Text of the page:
‘The chef lobs sugar about as if celebrating the end of rationing’: Heritage, West Sussex, restaurant review

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Heritage restaurant
Will our critic's review be as sweet as his meal? Credit: Nick Townsend

I think it was the font that first perturbed me. The sign outside the restaurant that heralds Heritage – which was well lit on the dark night I visited, like a grand old pub sign surrounded by swirling, decorative, gold-painted metal – has a font that you might call Penny Farthing. The lower extents of the letters hang – or indeed drip – down like an amateur paint job. The same design spills across the pages of the menu as it announces its tasting options. No à la carte here, you must opt for a full or exploding monty; there’s a choice of five, seven or nine courses.

The action takes place in a room at the back of this pebble-dash-covered former pub in deepest West Sussex; Slaugham to be precise. It’s an extension to the original building, with a pyramidic ceiling of tongue-and-groove, and grey wallpaper scrawled with thin trees that look like so many ghostly veins. I expect it’s quite pleasant during the day, when the wall of glass that makes up one whole side of the room looks out on to a pretty garden perhaps. But at night it’s like a huge black mirror.

Gladly, I sat with my back to it. I always flinch if I catch a glimpse of myself eating in a restaurant. I’m sorry for others who dine with me and have to tolerate it. Then again, who ever wishes to see themselves eating? The Queen sensibly never munches in public, so she’s never pictured mid-chew and no one is ever offended if she refuses to sample their jam. That one bite of a bacon sandwich for the camera ruined the political prospects of Ed Miliband. And does the selfie generation take a snap with their mouth full? Quite the opposite: cheeks pinched, camera positioned a foot above the face.

We plunged into the five-course option, the service as cheery, professional and tidy as you could wish. The beginnings had promise: we sipped a small soup amuse bouche, a velouté of leek with a dash of blue cheese.

It was warming and subtle, as was the butternut squash velouté that followed from the menu proper, although it did have an arancini blob – a thick and gloopy ball of rice covered in toasted pumpkin seeds – floating in it. And, personally, with a velouté kicking off the menu, I wouldn’t have sent out a preceding velouté, even if it’s free.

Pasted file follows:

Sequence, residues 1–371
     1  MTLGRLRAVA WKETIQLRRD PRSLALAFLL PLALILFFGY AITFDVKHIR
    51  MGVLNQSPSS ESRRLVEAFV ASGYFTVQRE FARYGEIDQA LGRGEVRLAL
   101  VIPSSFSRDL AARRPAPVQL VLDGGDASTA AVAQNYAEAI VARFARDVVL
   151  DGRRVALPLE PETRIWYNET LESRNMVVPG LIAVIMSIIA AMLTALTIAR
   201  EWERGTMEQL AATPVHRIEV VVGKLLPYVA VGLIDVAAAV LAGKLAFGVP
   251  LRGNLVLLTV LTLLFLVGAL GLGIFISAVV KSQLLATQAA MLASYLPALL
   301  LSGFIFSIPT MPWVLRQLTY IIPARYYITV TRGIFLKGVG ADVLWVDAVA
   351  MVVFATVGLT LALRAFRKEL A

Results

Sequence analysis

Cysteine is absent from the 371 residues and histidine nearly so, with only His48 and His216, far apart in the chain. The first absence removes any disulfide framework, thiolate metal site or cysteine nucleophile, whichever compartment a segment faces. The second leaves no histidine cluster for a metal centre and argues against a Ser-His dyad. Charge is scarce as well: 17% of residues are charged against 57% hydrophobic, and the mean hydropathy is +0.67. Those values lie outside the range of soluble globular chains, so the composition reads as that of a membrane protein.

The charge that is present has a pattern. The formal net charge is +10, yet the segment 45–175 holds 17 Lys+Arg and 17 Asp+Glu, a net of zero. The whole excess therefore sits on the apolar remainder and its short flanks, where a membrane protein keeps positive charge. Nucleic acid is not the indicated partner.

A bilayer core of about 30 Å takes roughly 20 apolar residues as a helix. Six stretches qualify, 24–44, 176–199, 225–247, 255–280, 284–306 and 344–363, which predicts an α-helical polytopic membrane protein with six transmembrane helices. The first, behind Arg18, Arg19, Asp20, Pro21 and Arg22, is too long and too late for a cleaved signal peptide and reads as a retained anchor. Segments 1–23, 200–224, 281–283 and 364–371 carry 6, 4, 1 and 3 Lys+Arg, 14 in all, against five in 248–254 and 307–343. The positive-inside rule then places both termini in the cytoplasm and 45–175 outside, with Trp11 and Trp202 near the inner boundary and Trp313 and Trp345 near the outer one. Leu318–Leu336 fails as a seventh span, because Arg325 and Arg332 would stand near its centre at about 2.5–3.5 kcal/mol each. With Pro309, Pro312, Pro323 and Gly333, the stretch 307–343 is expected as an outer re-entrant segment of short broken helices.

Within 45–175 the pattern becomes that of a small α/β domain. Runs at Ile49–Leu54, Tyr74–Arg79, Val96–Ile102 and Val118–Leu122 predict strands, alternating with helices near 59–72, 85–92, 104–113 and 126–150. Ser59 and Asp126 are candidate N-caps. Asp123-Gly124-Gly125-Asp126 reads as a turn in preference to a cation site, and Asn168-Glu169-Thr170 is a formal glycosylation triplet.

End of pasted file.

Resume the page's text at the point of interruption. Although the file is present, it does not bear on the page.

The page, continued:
But this was all marvellous compared with what followed. For the creator of our dinner has a thing about sugar. And it’s not a good thing; he or she lobs it about as if they’re celebrating the end of rationing.

Some delicately cured smoked salmon emerged with tart fennel and apple and chunks of sugar-coated walnuts. Eurgh. Curing aside, salmon and sugar don’t mix. It’s why, for example, you don’t sprinkle muscovado on your smoked salmon sandwich. Well, I don’t. Maybe they do in Slaugham. Because at Heritage they also serve sugar with chicken.

Chocolate marquis, chocolate glaze, milk & cookie ice cream and yogurt chocolate tuille at Heritage Credit: Toby Phillips

The duck having run out, we got a chicken breast cut into roundels so it looked like sliced banana (and, remarkably, had the same colour, so we thought for a moment it really was banana), served with turnips, shallots and a shallot tarte tatin. I love a sweet and sugary tarte tatin with apples, or plums or bananas, all that deliciously oozing caramelised sugar… But with chicken? No thanks.

Next up was a course of soft cheese surrounded by little cured radishes that looked like dead brown mice (trust me, I took a picture), salad, sweet apple chunks and sugary chutney. Then came a ‘banana sablé’ with coconut sorbet and some other stuff. Finally, a legitimate moment for sugar. But, God, that sorbet. Pure sugar and no trace of coconut. A tsunami of sugary foulness I’m trying to forget. And I mean the sorbet, but that could aptly describe the entire dinner.

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